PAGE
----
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US official outlines Afghan drawdown challenges

18th July 2012 - 13:06 GMT | by The Shephard News Team


The military withdrawal from Afghanistan will be a much greater challenge than the Iraq drawdown, according to a key US official.

Frank Kendall, the US undersecretary of defence for acquisition, technology and logistics, was quoted in a DoD statement that logistics is a much bigger part of his job than he thought it would be. 

‘The aphorism that amateurs worry about tactics and professionals worry about logistics is very true,’ Kendall was quoted as saying in the 17 July release. ‘We have a huge logistics challenge getting out of Afghanistan.’ 

That challenge, he said, is different than the one involved in the withdrawal from Iraq. Kendall oversaw the Iraq effort as the principle deputy undersecretary for acquisition, technology and logistics. 

‘That was a piece of cake compared to what we have to do in Afghanistan. This is a much more difficult job.’

Afghanistan is a land-locked country and the US, NATO countries and coalition partners have sent ‘mountains of equipment and supplies’ there since operations began in 2001. Now the coalition effort is drawing down as Afghan forces increasingly take over security.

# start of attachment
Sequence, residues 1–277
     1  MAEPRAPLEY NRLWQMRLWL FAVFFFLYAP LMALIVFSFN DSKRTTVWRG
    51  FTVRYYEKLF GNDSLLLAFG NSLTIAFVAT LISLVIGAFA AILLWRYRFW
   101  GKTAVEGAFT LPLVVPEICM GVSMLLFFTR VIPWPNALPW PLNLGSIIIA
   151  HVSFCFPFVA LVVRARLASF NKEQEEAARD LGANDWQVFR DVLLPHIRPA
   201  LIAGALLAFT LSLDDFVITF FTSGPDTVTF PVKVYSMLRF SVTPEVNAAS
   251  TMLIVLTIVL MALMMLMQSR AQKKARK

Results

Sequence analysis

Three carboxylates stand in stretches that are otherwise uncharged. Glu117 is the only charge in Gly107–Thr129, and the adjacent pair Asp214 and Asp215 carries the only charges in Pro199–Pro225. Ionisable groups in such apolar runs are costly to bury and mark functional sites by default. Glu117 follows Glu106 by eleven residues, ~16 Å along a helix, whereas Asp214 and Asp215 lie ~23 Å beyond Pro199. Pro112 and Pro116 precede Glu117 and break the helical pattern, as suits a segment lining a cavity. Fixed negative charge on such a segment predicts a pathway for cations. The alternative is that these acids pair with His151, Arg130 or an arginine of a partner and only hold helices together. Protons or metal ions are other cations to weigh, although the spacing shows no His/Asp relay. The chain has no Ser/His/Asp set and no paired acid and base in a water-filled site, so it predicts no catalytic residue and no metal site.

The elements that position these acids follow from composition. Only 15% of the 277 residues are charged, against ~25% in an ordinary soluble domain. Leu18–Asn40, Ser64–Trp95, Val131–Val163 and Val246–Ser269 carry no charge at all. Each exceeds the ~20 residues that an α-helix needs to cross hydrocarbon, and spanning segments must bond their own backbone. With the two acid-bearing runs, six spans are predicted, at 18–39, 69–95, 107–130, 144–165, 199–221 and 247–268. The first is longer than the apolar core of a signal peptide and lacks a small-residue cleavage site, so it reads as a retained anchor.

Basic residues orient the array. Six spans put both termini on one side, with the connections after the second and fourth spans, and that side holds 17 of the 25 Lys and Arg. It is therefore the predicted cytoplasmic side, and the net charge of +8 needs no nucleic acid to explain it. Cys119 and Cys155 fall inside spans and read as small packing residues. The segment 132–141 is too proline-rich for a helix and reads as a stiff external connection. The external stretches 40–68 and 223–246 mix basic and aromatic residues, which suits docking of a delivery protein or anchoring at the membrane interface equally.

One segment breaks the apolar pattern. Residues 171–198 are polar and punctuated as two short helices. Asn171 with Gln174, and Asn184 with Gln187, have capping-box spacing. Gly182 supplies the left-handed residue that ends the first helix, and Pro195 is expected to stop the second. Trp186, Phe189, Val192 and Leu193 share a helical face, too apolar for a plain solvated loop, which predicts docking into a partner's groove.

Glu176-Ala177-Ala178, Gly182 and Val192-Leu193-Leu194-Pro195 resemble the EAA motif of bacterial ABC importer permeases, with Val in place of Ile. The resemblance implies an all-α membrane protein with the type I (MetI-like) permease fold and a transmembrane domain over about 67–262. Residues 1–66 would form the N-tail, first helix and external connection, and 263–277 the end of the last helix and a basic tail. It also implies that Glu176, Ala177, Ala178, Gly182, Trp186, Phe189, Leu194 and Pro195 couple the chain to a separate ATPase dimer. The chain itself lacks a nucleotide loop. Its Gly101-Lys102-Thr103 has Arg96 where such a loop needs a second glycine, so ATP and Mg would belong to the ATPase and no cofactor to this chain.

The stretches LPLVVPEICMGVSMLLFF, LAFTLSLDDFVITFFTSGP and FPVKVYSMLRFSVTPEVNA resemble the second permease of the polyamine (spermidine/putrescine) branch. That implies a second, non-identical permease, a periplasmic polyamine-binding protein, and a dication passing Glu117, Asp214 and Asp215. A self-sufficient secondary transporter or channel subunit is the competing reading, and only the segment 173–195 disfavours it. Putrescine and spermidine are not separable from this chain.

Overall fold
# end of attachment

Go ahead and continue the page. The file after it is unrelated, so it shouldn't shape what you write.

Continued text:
According to the DoD, by the end of the summer, 23,000 additional American service members will leave, as well as those from many coalition nations. Combat operations are to wind down next year, and all coalition combat operations are set to conclude at the end of 2014. 

The recent reopening of supply lines through Pakistan has helped, Kendall said. ‘Hopefully they will stay open and we will be able to use them,” he said. “We’ve gone a long way towards negotiating agreements to help in the Northern Distribution Network. There’s still some work to be done there. But that also will help.’

The US military has been planning the manoeuvre for months, and an exercise is underway. 

There are things that make the Afghan operation more difficult than the effort in Iraq and some that make it easier, Kendall said. ‘One of the things that made the Iraq situation easier was, of course, you could just drive in to Kuwait, park things in Kuwait and then ship them wherever you had to,’ he said. 

‘It’s not quite as easy to get out of Afghanistan, but on the other hand, we expect to have a more enduring presence in Afghanistan. So we will be able to move material out at a pace, which is perhaps more reasonable.’

The Shephard News Team


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